Prospect rankings remain a snapshot of a moment in time, as more information is gathered constantly and new reports can change any number of perceptions on a player's future value. With the end of the minor league season, now's a good time to take a look back at our preseason prospect rankings, and see how some of these perceptions might have changed.
Pitching prospects are always a bit of a crapshoot, in that you simply don't know which ones are going to get injured in a year. We saw our top prospect choice (Bundy) not pitch in a single game due to Tommy John surgery, but also four of the next five prospects on our list came up and pitched extremely well. As a result, there's likely going to be a lot of change at the top of the list this offseason. However, with three of the top four picks in the draft this year being pitchers, as well as the emergence of players like Robert Stephenson, Noah Syndergaard, and Julio Urias, we may not see as much of a drop off as you would normally expect.
Note: These are not new rankings. These rankings were originally released in January 2013. I will be looking at the second half of this list (prospects 26-50) on Wednesday.
Consensus Top 25 Pitching Prospects
|#||Player||Org||Highest Level Reached|
Noah Syndergaard - I wrote back in January that the goal for Syndergaard this year was to show a more consistent approach and consistent performance, and Syndergaard went out and gave the Blue Jays another reason to regret the R.A. Dickey trade. Between High-A and AA, Syndergaard threw 117 innings, striking out 133 with just 28 walks and a 1.11 GO/AO ratio. He is likely a top 10 pitching prospect going into 2014, and could see time in the Majors before the end of the 2014 season.
Lucas Giolito - The concerns about Giolito coming into the year were how well he would recover from Tommy John surgery, and whether he could return to the same level as he was viewed prior to the draft. He pitched between two rookie levels, notching 39 strikeouts in 36.2 IP with an excellent 2.20 GO/AO ratio. It sounds like Giolito is about where you would expect him to be in his path to return from the surgery, and could really move up these rankings with a solid 2014 season.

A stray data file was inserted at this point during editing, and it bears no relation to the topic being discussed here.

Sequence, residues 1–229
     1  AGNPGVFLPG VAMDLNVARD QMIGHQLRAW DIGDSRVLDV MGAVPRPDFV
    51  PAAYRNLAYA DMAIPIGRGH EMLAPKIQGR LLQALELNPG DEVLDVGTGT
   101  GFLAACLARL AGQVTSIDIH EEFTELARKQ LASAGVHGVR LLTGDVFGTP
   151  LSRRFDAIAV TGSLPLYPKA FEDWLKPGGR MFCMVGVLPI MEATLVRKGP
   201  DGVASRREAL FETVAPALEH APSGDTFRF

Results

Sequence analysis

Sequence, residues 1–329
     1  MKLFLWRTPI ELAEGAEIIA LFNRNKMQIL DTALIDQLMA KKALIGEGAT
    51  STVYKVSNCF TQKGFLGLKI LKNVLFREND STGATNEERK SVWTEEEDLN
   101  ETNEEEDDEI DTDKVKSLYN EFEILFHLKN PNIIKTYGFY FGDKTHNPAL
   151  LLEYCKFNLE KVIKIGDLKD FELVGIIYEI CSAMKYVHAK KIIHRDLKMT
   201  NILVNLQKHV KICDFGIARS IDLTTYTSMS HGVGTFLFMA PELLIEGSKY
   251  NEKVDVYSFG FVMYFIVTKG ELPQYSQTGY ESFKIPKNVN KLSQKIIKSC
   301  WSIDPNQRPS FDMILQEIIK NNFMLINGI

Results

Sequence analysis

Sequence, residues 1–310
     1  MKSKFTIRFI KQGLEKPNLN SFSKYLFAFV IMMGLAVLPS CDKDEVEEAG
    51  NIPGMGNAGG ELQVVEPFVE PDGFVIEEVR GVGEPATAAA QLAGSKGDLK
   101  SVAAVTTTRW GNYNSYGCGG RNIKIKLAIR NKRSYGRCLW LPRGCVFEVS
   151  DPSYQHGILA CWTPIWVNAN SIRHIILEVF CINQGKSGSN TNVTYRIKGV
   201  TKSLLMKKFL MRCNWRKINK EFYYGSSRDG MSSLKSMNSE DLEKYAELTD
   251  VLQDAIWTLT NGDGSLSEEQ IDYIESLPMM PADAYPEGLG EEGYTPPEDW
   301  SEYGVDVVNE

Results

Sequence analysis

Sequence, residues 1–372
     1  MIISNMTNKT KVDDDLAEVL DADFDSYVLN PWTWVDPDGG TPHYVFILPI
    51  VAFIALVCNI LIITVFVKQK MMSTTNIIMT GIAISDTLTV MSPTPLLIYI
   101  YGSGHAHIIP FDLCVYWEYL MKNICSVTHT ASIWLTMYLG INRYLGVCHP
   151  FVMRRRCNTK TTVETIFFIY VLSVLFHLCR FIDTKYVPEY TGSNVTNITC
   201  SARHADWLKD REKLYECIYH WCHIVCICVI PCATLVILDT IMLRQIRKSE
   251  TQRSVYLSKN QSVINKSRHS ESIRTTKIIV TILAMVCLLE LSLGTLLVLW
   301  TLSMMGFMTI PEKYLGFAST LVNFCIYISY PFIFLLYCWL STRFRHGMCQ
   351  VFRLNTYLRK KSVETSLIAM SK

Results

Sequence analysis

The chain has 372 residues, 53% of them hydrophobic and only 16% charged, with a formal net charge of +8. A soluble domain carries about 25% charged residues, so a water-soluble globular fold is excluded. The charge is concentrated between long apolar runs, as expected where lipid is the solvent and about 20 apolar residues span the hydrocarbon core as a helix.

Archie Bradley - It's usually hard to say that a pitching prospect who was already viewed as a top 25 prospect has raised his stock, but Bradley's dominant performance at AA this year leads me to wonder if he could make the opening day roster for the Diamondbacks in 2014. He still has things to work on, as his walk total remains a bit high as he continues to work on improving on his control, but it's going to be hard to argue with putting Bradley at the top of this offseason's pitching prospect list.
Injured Pitchers - We have learned at this point that pitchers are going to get hurt, and that there are consistently a good number of pitchers that go down to Tommy John surgery as well. We saw our top prospect Dylan Bundy, as well as Casey Kelly and Taylor Guerrieri miss significant time this year related to injuries. While all of their ceilings appear to be similar, including this injury history will likely drop each of them a little in this year's rankings.
Trevor Bauer - At this point, I'm at a complete loss for what Bauer is, and what he can be. Traded in the offseason despite being drafted just a little over a year ago, Bauer struggled in the few opportunities he was given in Cleveland this year, and really didn't pitch well at AAA either. There seem to be legitimate concerns about whether he can make adjustments at the highest level, and I have no real belief that he will start the 2014 season in the starting rotation for Cleveland.
Danny Hultzen - It was expected that Hultzen would make his debut by around midseason for the Mariners, but it turned into a lost season instead as he worked through injuries and threw just 35 innings overall. He'll return to the Arizona Fall League this year in the hopes of getting some more work in, and seems less like a lock for the Mariners' rotation in 2014 than we had originally anticipated.